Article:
Just hours before Yu’s detention, he had circulated an open letter calling for reforms to China’s constitution, including the institution of multi-candidate presidential elections.
January 19, 2018
The camp of Chief Justice Maria Lourdes Sereno on Friday said the testimonies of her colleagues in the Supreme Court do not constitute impeachable offenses as they are merely complaints or disagreements with the top magistrate.
Lawyer Jojo Lacanilao said some of the justices who appeared before the House justice panel are out to destroy Sereno after she was appointed Chief Justice at age 52.
“This is a problem on the independence of the Supreme Court because they have gone to Congress and lay themselves out and in fact they did not appear well,” Lacanilao, who represents Sereno in the impeachment complaint, said in an ANC interview.
“The mystique, the mystery of being a Supreme Court justice is gone because some of these justices have already come out and showed that they’re weak and they have personal grudges and they cannot overcome these issues with the Chief Justice.”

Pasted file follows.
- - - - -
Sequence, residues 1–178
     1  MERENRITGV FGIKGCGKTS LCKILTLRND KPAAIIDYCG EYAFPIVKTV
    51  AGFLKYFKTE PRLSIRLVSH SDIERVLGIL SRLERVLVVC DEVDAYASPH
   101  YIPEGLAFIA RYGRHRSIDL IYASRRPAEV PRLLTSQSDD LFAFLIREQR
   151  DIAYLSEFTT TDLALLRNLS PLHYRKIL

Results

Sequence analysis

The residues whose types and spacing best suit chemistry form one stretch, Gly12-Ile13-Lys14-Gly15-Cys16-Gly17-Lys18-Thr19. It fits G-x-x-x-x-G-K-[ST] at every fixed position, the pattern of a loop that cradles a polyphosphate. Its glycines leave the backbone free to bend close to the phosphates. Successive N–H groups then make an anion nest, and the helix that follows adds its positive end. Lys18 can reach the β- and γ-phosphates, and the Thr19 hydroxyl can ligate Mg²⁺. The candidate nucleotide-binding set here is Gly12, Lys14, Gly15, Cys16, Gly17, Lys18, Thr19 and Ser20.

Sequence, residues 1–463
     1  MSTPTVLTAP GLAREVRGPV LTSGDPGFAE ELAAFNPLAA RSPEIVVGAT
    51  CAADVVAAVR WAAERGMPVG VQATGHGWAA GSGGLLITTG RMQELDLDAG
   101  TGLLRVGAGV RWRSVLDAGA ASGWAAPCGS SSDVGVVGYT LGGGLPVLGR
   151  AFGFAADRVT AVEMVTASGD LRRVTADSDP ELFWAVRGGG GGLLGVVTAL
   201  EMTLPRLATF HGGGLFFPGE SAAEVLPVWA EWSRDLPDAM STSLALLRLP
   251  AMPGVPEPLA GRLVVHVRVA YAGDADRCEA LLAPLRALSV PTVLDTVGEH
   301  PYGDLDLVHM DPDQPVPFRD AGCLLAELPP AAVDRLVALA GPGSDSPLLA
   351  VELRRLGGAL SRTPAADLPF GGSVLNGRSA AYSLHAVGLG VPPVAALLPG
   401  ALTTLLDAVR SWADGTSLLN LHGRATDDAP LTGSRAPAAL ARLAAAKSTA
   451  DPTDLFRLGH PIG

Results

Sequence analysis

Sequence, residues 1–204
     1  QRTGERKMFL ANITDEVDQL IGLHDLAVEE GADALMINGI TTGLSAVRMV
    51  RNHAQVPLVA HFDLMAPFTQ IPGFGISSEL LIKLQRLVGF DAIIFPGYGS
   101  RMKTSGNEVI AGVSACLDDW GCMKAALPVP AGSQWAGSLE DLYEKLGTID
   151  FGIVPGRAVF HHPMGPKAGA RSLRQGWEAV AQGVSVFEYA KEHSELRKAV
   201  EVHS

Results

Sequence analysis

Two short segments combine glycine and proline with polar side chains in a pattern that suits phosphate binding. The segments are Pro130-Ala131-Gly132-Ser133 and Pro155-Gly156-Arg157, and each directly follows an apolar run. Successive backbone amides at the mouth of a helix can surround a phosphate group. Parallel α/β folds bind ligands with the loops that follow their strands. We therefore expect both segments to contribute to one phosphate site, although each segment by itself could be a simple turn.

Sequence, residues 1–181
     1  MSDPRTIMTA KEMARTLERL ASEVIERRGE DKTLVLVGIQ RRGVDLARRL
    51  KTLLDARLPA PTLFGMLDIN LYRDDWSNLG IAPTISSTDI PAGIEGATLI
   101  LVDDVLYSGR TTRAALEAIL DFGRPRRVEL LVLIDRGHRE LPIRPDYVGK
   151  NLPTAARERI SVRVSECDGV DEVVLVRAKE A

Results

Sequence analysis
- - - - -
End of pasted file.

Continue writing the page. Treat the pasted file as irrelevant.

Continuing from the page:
He added that whatever the justices would say against the Chief Justice “will have no moment in terms of the impeachment case.”
January 18, 2018
The son of top human rights lawyer Wang Yu and her legal activist husband Bao Longjun, detained in a massive nationwide crackdown on rights lawyers and activists in July 2015, has arrived in Australia after being under house arrest with his parents and denied permission to leave China for more than two years, RFA has learned.
Bao Zhuoxuan, also known by his nickname Bao Mengmeng, was just 16 when his passport was confiscated in the wake of his parents’ arrest on the night of July 9, 2015 at the start of a nationwide police operation targeting the legal profession that became know as the “709 crackdown.”
He had planned to complete his high school education overseas.
The teenager later tried to escape across the border from the southwestern Chinese province of Yunnan into northern Myanmar with a couple of fellow activists posing as tourists.
But Bao and his minders were taken away from the Huadu Guesthouse in the Myanmar border town of Mongla by local police and handed over to the Chinese authorities.
Rights activists Tang Zhishun and Xing Qingxian were both later detained in the Tianjin No. 2 Detention Center on suspicion of “organizing the smuggling of persons across a national boundary.”
Now, Bao has finally been allowed to leave China, nearly three years after he had planned.